Not a member?
Register and login now.

Issue 83 - The Steekit Yetts

Scotland Magazine Issue 83
October 2015

 

This article is 2 years old and some information provided may be time sensitive. Please check all details of events, tours, opening times and other information before travelling or making arrangements.

Copyright Scotland Magazine © 1999-2017. All rights reserved. To use or reproduce part or all of this article please contact us for details of how you can do so legally.

The Steekit Yetts

The story of the Bear Gates of Traquair

Traquair House, which stands close to the River Tweed at Innerleithen in Peeblesshire has been continually lived in for over 900 years and was originally built as a Royal hunting lodge in the reign of Alexander I of Scotland. At that time, wild cats, wild boar and bears roamed the Ettrick Forest in which it was located.

In 1491, the estate was gifted by Alexander Stuart, 2nd Earl of Buchan (third creation), a half uncle of James III, to his son James Stewart, who took on the status of 1st Laird of Traquair. In the following two centuries, the lairds of Traquair, with their connections to the Royal House of Stewart, became a centre of political power in the land. The house was visited by Mary Queen of Scots in 1566 and in the early 1600s, the 7th Laird was appointed Chief High Treasurer of Scotland and created 1st Earl of Traquair.

So much of the vicissitudes of European and world history have throughout the centuries been governed by religion. The Stuarts of Traquair, the spelling of the surname altered in keeping with that of the Scottish monarchy, retained the Catholic faith, which did them no favours when it came to political advancement since they were excluded from sitting in the Scottish Parliament.

Nevertheless, for a period they kept their heads down and by 1695, the building of Traquair House was completed with the addition of two side wings and the wrought iron screen in the courtyard. Early on, the 4th Earl of Traquair (incidentally with two marriages the father of 17 children, all of whom survived) was imprisoned in Edinburgh Castle, suspected of involvement in a Jacobite plot. He was released and by 1715, aged 56, the best he could do was to encourage his brother-in-law, the Earl of Nithsdale, to participate. Lord Nithsdale was captured and imprisoned in the Tower of London under sentence of death, but rescued by his wife and a maidservant.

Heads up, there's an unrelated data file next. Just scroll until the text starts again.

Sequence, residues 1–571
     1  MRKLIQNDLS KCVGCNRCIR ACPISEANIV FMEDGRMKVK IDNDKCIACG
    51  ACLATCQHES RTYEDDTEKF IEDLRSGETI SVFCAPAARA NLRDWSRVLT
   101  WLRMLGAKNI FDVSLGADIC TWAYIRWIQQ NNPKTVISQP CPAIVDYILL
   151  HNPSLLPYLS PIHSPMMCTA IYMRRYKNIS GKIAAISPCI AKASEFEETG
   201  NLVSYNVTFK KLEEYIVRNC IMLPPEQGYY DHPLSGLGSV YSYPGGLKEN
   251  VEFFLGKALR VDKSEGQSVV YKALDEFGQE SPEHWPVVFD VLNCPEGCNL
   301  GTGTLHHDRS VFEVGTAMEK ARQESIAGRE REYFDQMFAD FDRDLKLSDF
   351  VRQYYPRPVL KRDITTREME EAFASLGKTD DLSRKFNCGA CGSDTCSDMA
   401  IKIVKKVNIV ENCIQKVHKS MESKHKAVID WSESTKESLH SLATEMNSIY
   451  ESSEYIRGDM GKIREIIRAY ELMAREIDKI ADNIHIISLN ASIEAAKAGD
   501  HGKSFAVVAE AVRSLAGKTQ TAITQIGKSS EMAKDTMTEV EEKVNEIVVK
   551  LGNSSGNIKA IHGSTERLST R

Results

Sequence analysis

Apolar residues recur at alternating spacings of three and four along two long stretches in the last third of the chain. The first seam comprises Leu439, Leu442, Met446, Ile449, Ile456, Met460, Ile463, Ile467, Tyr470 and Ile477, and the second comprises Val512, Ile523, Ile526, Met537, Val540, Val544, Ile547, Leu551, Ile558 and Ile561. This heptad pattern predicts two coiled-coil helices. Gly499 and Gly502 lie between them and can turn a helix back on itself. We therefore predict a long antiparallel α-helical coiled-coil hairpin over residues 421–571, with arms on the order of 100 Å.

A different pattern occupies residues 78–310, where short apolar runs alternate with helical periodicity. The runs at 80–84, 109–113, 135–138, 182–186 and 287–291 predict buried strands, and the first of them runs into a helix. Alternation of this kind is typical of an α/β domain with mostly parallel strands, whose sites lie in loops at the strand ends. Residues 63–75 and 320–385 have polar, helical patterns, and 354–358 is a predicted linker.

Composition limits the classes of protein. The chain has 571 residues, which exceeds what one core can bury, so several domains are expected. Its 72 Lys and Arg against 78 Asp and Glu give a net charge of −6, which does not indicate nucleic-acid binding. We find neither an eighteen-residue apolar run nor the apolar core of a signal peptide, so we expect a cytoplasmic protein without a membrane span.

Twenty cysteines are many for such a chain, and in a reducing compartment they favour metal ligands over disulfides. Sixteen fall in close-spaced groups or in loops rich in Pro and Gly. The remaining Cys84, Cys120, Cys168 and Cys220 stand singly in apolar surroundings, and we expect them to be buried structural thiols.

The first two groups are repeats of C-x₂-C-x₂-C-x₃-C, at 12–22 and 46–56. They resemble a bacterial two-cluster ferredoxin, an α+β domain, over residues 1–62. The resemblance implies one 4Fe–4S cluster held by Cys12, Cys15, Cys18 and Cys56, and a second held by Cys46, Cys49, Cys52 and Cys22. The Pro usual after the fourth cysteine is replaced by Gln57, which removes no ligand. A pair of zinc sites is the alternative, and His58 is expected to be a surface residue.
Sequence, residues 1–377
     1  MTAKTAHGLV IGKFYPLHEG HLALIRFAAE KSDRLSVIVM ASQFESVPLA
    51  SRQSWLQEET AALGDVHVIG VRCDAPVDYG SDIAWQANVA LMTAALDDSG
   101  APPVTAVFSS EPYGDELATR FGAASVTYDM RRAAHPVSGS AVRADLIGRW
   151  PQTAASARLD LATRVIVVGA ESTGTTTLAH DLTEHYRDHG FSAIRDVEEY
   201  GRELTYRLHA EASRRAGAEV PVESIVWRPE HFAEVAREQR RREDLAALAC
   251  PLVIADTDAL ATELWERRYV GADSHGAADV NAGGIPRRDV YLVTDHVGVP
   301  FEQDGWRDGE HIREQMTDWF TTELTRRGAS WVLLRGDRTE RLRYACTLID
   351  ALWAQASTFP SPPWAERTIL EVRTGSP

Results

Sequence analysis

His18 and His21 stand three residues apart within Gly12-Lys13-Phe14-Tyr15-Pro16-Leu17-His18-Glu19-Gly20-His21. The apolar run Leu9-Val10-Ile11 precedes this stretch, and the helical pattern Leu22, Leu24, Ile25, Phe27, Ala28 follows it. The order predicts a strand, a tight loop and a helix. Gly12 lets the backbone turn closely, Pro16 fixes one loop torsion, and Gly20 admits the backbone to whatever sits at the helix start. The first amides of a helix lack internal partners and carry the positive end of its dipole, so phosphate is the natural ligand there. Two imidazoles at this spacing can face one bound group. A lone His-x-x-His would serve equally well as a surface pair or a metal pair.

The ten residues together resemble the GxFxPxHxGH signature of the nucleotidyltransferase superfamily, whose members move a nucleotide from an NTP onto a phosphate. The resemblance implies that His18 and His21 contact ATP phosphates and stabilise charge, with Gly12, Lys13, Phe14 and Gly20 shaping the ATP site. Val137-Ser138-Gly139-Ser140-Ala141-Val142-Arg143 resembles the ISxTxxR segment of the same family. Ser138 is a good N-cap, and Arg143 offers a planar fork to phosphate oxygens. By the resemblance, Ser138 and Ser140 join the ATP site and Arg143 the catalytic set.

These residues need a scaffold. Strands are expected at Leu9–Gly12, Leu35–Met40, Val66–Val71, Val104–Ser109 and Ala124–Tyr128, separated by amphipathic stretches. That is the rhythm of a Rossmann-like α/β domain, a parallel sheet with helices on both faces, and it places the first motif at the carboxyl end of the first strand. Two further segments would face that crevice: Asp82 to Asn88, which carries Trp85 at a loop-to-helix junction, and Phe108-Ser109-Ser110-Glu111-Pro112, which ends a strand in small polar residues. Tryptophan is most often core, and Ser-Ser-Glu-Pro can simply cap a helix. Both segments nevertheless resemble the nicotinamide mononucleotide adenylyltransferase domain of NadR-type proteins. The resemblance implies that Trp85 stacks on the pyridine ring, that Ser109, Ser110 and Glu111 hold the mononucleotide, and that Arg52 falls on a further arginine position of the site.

In 1738, the Bear Gates were installed and the figures possibly carved by Charles Brodie, as estate worker, at the top of a fine avenue leading to the house. However, this approach was only to be in use for the following six years.

Having successfully routed Government forces at Prestonpans with his Jacobite army in September 1745, Prince Charles Edwards Stuart paid a visit to his kinsman Charles, 5th Earl of Traquair, who had by then succeeded his brother the 4th Earl.

Although unable, or knowing the dangers, unwilling, to offer the Prince anything other than nominal support, the 5th Earl vowed that the entrance gates at the top of what is now known as the Royal Avenue, would be opened until a Stuart king once again sat upon the throne.

Towards the end of the First World War in 1918, the estate was inherited by Frank Maxwell Stuart who passed it on to his son and daughter-in-law Peter and Flora Maxwell Stuart who transformed the house into a visitor attraction with its own domestic brewery. The estate is now run as a Charitable Trust by their daughter Catherine and her husband Mark Muller Stuart.

The imposing Bear Gates at the top of the Royal Avenue remain closed.

Info
Traquair House
Innerleithen Peeblesshire EH44 6PW
Tel: +44 (0) 1896 830 323
www.traquair.co.uk